The powerhouse within the black trellis frame is a single-cylinder 249 cc DOHC liquid-cooled unit that India hasn’t hit the Indian streets before. It packs 30 PS of peak power at 9,000 rpm and 24 Nm of peak torque at 7,500 rpm, unleashed to a 6-speed gearbox via a slipper clutch (PASC – Power Assist Slipper Clutch / Anti-Hopping Clutch) that is mechanically operated by a Bosch EMS. This would really be of great help while down-shifting in a panic situation, especially while entering a corner at a high speed. The larger rear sprocket (compared to the other two Dukes) seemed to be giving a rushing throw of torque that helped exiting the corners. Hitting 135 kmph on the speedo on the straights was easier and quicker than we had anticipated.
The rear part of the steel trellis is a bolt-on sub-frame that is powder coated in orange. The entire setup is suspended by the well-acquainted 43 mm WP USD fork at the front whose travel is 142 mm, and the WP monoshock at the rear which has a stroke of 150 mm. During our intense test ride, the bike seemed just as sharp in handling as it is in providing comfort on undulated roads. The flick-ability of the 161 kg bike is not compromised at all for the good damping that it has for gliding on bad roads; no doubt better than the Duke 200. The handling at corners was so inviting that it inspired us to get closer and closer to the ground on every subsequent turn.
The MRFs seemed like a bummer on paper when we had our hopes for the Metzelers, but the RevZ C1 was not so much of an inverted smile while depending on them at tight manoeuvres. They are of the same sizes as on the Duke 390 – 110/70-R17 at the front and 150/60-R17 at the rear. The tyres also aid in appreciable braking performance emerging from the 300 mm front disc with four-piston radial caliper, and the 230 mm rear rotor with a single-piston floating caliper.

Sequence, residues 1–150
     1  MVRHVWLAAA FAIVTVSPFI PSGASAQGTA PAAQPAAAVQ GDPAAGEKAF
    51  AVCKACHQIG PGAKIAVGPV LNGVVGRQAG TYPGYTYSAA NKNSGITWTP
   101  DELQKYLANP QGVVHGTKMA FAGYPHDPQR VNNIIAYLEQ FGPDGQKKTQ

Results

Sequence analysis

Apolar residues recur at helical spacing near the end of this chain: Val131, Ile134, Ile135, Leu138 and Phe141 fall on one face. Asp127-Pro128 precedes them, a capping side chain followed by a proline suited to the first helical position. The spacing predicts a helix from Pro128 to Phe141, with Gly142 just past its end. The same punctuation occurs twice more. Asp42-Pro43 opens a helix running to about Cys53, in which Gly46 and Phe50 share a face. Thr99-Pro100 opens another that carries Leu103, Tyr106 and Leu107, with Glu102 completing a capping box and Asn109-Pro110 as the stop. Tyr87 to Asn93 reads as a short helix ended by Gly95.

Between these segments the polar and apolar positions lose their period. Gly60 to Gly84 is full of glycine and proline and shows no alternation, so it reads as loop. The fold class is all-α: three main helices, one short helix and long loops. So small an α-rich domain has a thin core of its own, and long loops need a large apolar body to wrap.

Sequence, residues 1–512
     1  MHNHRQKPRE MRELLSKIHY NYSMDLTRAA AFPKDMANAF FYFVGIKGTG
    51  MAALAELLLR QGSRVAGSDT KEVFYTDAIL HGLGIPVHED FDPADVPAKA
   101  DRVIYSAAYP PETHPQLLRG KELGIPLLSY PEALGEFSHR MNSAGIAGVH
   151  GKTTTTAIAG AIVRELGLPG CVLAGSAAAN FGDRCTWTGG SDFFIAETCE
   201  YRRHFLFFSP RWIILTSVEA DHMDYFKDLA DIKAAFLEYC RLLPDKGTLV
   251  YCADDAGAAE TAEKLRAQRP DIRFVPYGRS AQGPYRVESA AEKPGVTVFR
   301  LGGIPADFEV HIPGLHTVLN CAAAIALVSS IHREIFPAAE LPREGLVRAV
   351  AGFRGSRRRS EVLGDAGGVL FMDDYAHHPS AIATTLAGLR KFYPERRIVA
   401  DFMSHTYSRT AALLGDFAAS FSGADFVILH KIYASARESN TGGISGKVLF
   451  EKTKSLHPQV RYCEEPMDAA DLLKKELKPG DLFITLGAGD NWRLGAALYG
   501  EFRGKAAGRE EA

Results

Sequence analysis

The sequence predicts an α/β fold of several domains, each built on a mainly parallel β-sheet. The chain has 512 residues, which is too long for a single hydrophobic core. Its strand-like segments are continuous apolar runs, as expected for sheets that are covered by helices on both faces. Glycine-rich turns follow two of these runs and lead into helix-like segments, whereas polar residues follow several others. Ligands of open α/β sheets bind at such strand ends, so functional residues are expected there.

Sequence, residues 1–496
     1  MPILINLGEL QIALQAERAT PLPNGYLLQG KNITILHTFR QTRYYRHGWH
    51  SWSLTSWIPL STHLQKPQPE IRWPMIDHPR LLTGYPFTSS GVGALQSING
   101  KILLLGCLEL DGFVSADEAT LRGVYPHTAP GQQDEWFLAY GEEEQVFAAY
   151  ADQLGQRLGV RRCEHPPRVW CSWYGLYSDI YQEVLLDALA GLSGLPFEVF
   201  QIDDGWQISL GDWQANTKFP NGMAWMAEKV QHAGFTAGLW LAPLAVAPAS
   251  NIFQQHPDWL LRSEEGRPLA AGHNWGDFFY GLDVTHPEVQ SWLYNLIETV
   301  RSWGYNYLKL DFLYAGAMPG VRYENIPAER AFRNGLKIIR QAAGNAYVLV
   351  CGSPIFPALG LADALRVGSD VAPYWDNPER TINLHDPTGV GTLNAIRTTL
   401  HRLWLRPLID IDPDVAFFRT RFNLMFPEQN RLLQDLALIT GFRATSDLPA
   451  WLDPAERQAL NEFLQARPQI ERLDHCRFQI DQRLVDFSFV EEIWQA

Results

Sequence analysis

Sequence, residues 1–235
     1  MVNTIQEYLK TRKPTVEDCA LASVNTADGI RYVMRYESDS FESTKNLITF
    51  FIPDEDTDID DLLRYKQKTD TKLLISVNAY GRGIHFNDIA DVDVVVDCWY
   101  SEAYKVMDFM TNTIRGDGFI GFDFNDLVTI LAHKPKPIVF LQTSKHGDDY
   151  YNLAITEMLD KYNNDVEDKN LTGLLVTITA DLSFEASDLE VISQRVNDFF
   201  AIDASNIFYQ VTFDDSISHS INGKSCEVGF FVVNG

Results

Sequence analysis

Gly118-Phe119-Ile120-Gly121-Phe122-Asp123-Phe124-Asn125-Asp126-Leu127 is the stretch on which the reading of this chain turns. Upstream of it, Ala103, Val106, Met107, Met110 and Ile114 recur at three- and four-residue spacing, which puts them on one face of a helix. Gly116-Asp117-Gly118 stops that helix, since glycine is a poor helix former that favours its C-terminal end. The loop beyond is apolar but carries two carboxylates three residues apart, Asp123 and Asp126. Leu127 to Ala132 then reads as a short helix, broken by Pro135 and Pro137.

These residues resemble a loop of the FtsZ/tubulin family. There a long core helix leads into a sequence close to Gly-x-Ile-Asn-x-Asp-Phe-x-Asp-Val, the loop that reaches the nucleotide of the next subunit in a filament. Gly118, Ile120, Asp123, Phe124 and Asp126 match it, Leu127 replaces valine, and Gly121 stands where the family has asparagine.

In a last note of the Duke 250, that is the exhaust note, was surprisingly calm and not noisy, but it was just as peppy and spirited as the rest of the bike.
As I was saying before, the KTM Duke 250 is just as good of an upgrade to the existing 250 cc segment motorcycles as it is to the sub-250 cc category, but some downsides associated with the brand continue such as having to live with the radiating-hot engine, and the lack of ABS even as an option (not that KTM is known to be providing options at all). But you know what they say, everything has something good in it that makes it suitable for you, and do not worry about all else. If any of those worries does manage to creep in to your thoughts, think of the snob value you’re getting and tell yourself, ‘totally worth it.’
I’d like to add one more statement; I believe the Duke 250 as a well-rounded package, will console the customers from feeling inadequate for not taking the Duke 390 which is priced substantially far away.